Dam and Lake
|Location||Clark / Hot Spring counties, Arkansas, United States|
DEGRAY LAKE Latitude and Longitude:
|Primary inflows||Caddo River|
|Primary outflows||Caddo River|
|Basin countries||United States|
|Surface area||13,800 acres (5,600 ha)|
|Average depth||47 feet (14 m)|
|Max. depth||200 feet (61 m)|
|Shore length1||207 miles (333 km)|
|1 Shore length is not a well-defined measure.|
DeGray Lake is a reservoir on the Caddo River in Arkansas, 8 miles (13 km) from Arkadelphia. Arkansas Scenic Byway 7 is located on the eastern shore of the lake, and provides views of the lake, and also places to stay. DeGray Lake Resort State Park was opened in 1974 to encourage tourism and recreation on DeGray Lake. 
The documented history of the DeGray area dates back to AD 700 when the area was inhabited by the Caddo Indians. Hernando de Soto then came and explored this area in 1541, after discovering hot springs. The Caddo Indians' way of life was changed forever when coming in contact with the Spanish explorers; the Indians were introduced to the horse. In the 18th century French fur trappers brought trade to the area with their extensive trapping methods. DeGray Lake was in fact named after a French fur trader, DeGraff, who settled this region. Several artifacts have been found near the dam site, and many have been brought to a local university, Henderson State University.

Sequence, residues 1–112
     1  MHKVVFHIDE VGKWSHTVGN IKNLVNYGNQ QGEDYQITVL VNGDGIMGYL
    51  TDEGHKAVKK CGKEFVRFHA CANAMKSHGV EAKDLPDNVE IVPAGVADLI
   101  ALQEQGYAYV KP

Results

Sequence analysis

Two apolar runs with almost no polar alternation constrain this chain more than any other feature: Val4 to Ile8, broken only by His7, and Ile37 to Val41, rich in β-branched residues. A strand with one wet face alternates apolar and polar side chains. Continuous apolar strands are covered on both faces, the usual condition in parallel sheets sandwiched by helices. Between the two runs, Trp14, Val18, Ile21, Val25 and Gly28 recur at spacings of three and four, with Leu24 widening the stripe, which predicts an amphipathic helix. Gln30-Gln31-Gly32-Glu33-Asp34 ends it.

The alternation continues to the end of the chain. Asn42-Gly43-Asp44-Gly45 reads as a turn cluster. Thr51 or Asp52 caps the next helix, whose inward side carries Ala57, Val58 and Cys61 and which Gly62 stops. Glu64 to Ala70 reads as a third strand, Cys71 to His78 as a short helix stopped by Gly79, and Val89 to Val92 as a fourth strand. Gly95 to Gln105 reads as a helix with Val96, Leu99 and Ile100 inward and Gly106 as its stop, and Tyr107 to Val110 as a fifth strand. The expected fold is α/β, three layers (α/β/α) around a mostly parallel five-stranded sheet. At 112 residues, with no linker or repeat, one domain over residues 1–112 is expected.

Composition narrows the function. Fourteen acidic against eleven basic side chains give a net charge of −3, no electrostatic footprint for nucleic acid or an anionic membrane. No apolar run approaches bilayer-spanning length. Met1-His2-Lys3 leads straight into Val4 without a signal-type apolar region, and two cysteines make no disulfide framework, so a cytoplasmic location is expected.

DeGray lake and dam were authorized by Congress in the River and Harbor Act of 1950. Congress passed the Water Supply Act of 1958, which provided for the inclusion of municipal and industrial water supply as one of the project purposes. Construction on the dam began in 1962 and was completed in 1972 at a cost of $63,800,000. A 40 MW hydraulic turbine and a 28 MW turbine generate electricity for the Southwestern Power Administration of Arkansas, Texas, and Oklahoma. DeGray dam impounds the waters of the Caddo River to form a flood control lake that covers 13,400 acres (5,400 ha), and a shoreline of 207 miles (333 km).
Many of the long-time residents recall families in the area who were "bought out" in order to fill area behind the dam. Residents were offered money for their property, so that the lake could be built. The eventual damming of the Caddo River forced many people to move elsewhere in the area. Brick and concrete structures from former homesteads still stand on the bottom of the lake.
DEGRAY LAKE INFORMATION
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